Basic tutorial 1: Hello world!


Nothing better to get a first impression about a software library than to print “Hello World” on the screen!

But since we are dealing with multimedia frameworks, we are going to play a video instead.

Do not be scared by the amount of code below: there are only 4 lines which do real work. The rest is cleanup code, and, in C, this is always a bit verbose.

Without further ado, get ready for your first GStreamer application...

Hello world

Copy this code into a text file named basic-tutorial-1.c (or find it in your GStreamer installation).


#include <gst/gst.h>

main (int argc, char *argv[])
  GstElement *pipeline;
  GstBus *bus;
  GstMessage *msg;

  /* Initialize GStreamer */
  gst_init (&argc, &argv);

  /* Build the pipeline */
  pipeline =
      ("playbin uri=",

  /* Start playing */
  gst_element_set_state (pipeline, GST_STATE_PLAYING);

  /* Wait until error or EOS */
  bus = gst_element_get_bus (pipeline);
  msg =
      gst_bus_timed_pop_filtered (bus, GST_CLOCK_TIME_NONE,

  /* Free resources */
  if (msg != NULL)
    gst_message_unref (msg);
  gst_object_unref (bus);
  gst_element_set_state (pipeline, GST_STATE_NULL);
  gst_object_unref (pipeline);
  return 0;

Compile it as described in Installing on Linux, Installing on Mac OS X or Installing on Windows. If you get compilation errors, double-check the instructions given in those sections.

If everything built fine, fire up the executable! You should see a window pop up, containing a video being played straight from the Internet, along with audio. Congratulations!

Information Need help?

If you need help to compile this code, refer to the Building the tutorials section for your platform: Linux, Mac OS X or Windows, or use this specific command on Linux:

gcc basic-tutorial-1.c -o basic-tutorial-1 `pkg-config --cflags --libs gstreamer-1.0`

If you need help to run this code, refer to the Running the tutorials section for your platform: Linux, Mac OS X or Windows.

This tutorial opens a window and displays a movie, with accompanying audio. The media is fetched from the Internet, so the window might take a few seconds to appear, depending on your connection speed. Also, there is no latency management (buffering), so on slow connections, the movie might stop after a few seconds. See how Basic tutorial 12: Streaming solves this issue.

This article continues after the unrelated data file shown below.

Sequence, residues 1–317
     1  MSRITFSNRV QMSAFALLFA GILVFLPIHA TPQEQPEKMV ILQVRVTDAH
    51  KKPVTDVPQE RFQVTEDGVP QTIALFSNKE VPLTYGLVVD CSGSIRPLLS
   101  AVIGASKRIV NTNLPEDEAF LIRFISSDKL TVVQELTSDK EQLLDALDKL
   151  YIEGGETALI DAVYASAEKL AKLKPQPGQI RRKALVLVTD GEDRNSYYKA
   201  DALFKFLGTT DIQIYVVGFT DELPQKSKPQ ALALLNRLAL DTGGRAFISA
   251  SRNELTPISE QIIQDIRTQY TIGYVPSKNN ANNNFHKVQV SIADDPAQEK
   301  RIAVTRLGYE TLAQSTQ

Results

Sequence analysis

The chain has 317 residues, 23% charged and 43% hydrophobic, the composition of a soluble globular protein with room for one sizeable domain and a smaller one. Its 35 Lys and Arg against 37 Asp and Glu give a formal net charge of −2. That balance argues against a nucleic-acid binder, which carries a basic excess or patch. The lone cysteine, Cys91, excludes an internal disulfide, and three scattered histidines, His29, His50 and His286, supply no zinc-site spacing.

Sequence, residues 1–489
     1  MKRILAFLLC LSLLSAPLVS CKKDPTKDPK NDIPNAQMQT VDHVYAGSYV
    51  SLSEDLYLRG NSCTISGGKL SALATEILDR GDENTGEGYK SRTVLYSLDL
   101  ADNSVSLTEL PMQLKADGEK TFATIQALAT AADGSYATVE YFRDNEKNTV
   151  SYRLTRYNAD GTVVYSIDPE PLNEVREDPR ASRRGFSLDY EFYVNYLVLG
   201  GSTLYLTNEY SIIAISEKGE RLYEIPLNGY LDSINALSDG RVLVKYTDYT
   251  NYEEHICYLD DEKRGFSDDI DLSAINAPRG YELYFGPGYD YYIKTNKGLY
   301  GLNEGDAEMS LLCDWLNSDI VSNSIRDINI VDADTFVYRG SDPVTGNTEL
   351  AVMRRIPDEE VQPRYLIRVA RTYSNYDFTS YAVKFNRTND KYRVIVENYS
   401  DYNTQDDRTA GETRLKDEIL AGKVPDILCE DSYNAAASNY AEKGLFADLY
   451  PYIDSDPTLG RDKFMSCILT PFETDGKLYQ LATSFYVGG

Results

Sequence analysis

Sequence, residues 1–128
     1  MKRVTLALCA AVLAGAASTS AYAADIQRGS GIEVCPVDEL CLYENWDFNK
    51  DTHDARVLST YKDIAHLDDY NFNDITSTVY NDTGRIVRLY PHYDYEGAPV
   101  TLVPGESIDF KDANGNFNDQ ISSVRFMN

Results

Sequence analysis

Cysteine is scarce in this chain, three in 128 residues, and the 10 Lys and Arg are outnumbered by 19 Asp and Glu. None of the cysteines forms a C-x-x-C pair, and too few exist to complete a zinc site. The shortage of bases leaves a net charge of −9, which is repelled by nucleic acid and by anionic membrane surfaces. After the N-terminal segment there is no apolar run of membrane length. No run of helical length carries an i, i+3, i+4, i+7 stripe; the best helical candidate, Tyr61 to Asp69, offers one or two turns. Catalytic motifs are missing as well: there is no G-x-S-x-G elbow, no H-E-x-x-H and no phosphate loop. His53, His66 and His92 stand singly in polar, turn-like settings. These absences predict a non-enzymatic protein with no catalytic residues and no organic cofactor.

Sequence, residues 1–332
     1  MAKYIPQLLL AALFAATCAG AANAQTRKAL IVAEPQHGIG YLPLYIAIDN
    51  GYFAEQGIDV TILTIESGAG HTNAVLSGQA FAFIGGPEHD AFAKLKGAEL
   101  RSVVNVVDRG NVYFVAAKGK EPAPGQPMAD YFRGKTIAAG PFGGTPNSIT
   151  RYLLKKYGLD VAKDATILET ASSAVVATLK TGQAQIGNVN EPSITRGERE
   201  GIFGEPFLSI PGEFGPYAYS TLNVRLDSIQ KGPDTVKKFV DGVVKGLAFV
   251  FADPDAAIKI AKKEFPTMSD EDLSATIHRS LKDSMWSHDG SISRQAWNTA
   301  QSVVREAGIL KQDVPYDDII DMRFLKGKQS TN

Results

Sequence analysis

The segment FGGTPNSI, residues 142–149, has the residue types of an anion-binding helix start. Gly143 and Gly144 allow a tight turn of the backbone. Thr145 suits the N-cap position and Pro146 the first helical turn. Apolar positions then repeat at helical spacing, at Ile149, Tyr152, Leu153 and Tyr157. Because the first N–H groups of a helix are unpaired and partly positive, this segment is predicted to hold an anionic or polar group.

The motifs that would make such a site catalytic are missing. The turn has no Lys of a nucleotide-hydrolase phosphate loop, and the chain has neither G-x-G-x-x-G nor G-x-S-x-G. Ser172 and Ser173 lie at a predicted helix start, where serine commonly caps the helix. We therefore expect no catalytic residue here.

Required libraries: gstreamer-1.0


Let's review these lines of code and see what they do:

/* Initialize GStreamer */
gst_init (&argc, &argv);

This must always be your first GStreamer command. Among other things, gst_init():

  • Initializes all internal structures

  • Checks what plug-ins are available

  • Executes any command-line option intended for GStreamer

If you always pass your command-line parameters argc and argv to gst_init() your application will automatically benefit from the GStreamer standard command-line options (more on this in Basic tutorial 10: GStreamer tools)

/* Build the pipeline */
pipeline = gst_parse_launch ("playbin uri=", NULL);

This line is the heart of this tutorial, and exemplifies two key points: gst_parse_launch() and playbin.


GStreamer is a framework designed to handle multimedia flows. Media travels from the “source” elements (the producers), down to the “sink” elements (the consumers), passing through a series of intermediate elements performing all kinds of tasks. The set of all the interconnected elements is called a “pipeline”.

In GStreamer you usually build the pipeline by manually assembling the individual elements, but, when the pipeline is easy enough, and you do not need any advanced features, you can take the shortcut: gst_parse_launch().

This function takes a textual representation of a pipeline and turns it into an actual pipeline, which is very handy. In fact, this function is so handy there is a tool built completely around it which you will get very acquainted with (see Basic tutorial 10: GStreamer tools to learn about gst-launch-1.0 and the gst-launch-1.0 syntax).